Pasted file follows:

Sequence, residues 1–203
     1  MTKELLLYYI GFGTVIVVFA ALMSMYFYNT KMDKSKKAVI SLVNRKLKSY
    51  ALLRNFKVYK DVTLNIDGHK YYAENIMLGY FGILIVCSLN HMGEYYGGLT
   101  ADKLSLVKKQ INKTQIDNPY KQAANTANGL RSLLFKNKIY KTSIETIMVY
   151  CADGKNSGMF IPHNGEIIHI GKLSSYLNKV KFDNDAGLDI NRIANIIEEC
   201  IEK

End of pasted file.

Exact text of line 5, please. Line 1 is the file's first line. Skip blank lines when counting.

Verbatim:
   151  CADGKNSGMF IPHNGEIIHI GKLSSYLNKV KFDNDAGLDI NRIANIIEEC